The Age-Friendly Festival, a gift to the community from the Patterson Foundation, is planned from 9 a.m. to 4 p.m. It will feature presentations on a variety of topics by experts in their fields, exhibits showcasing activities, and opportunities for connecting with people of all ages. There will be entertainment provided by InspireSarasota!, an initiative of the Arts and Cultural Alliance of Sarasota, and food trucks will be on site to offer a variety of culinary delights.
Aging / Older Adults
The Patterson Foundation is making history Saturday at the Sarasota County Fairgrounds.
A new event this weekend aims to spotlight the region as a place where people of all ages can make the most of life, while advancing Sarasota’s reputation as a wonderful place to grow old. The Age-Friendly Festival, promoted as the first in the nation to celebrate “lifelong well-being,” brings more than 125 exhibits, performances and other demonstrations to the Sarasota Fairgrounds.
Debra Jacobs, president and CEO of The Patterson Foundation, says the inaugural festival continues the “age-friendly” movement embraced by community leaders here for more than a decade. “We hope to show that what’s good for one generation actually is good for all generations,” she says.
Featuring free admission thanks to a gift from presenter The Patterson Foundation, the Age-Friendly Festival will focus on lifelong well-being while connecting people of all ages. There will be live entertainment and food trucks plus educational opportunities and exhibits highlighting how we can improve the quality of life at every age.
At Florida’s first Age-Friendly Festival on Saturday, Oct. 28, the Patterson Foundation will join a coalition of Florida cities, counties, nonprofit organizations and AARP to ask an increasingly relevant question: How can we make our communities more livable for people of any age, in a world where long lives are the rule?
Behind the scenes, Age-Friendly Sarasota continues to explore partnerships aimed at making Sarasota County a better place to spend every stage of life.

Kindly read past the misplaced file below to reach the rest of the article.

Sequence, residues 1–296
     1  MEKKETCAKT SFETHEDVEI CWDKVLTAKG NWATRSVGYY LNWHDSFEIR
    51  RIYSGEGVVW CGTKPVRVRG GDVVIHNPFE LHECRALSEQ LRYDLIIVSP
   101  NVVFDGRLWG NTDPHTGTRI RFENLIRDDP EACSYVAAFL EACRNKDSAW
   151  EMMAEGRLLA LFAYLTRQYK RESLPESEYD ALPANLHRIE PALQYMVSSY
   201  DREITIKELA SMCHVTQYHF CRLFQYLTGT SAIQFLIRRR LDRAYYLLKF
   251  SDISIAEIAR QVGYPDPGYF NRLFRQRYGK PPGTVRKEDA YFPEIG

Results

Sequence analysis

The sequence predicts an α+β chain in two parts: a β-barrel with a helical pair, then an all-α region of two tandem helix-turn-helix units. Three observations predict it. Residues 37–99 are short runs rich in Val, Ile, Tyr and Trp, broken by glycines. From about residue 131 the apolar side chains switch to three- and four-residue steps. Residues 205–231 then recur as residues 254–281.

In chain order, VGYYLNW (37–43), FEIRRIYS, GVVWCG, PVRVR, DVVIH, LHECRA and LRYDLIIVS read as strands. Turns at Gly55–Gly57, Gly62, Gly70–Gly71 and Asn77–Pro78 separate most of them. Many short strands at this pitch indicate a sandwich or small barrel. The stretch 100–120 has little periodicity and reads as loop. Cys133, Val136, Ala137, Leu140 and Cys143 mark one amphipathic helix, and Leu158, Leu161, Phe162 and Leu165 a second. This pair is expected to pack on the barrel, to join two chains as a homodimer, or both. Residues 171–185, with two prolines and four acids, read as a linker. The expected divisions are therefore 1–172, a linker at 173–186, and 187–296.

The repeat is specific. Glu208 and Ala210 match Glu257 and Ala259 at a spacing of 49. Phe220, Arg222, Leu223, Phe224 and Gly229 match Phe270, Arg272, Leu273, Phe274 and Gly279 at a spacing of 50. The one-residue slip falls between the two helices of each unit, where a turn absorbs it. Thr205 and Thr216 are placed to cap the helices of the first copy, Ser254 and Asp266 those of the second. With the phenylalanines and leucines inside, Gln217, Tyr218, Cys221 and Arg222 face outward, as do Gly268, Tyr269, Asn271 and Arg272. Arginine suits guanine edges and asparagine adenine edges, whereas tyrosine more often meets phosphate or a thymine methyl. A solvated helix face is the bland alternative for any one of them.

Launched by the World Health Organization, the age-friendly city movement was taken up in 2012 by AARP to acknowledge and adapt to two powerful global trends, longevity and urbanization. And in May 2015, Sarasota County became the first place in Florida to apply for age-friendly status, a distinction now shared by 500 communities worldwide.
The Indian River Community Foundation awarded $100,000 from its Community Enrichment Fund to St. Francis Manor in support of the organization’s “Growing Homes at the Manor” capital campaign.
The grant will go toward construction of two new buildings to provide affordable housing to 36 more senior citizens who live on limited incomes.
The Jewish Housing Council Foundation (JHCF) has received a grant from Community Foundation of Sarasota County to expand its Music & Memory program for seniors suffering from Alzheimer’s disease, dementia and other memory disorders.
“Social engagement and creativity were the key drivers behind this program,” said Diana Silvey, program director at Winter Park Health Foundation, which approached Orlando-based CFCArts with the idea for Arts In Action.
Faith in Action North Lakeland was recently awarded a $15,000 Impact Polk grant from the George W. Jenkins Fund within the GiveWell Community Foundation for its “Great Opportunities to Serve” program. The program provides elderly, frail and the homebound living below the poverty level with nonmedical assistance for things that they can no longer perform or afford, including transportation to medical or other appointments, shopping, reading and bill-paying.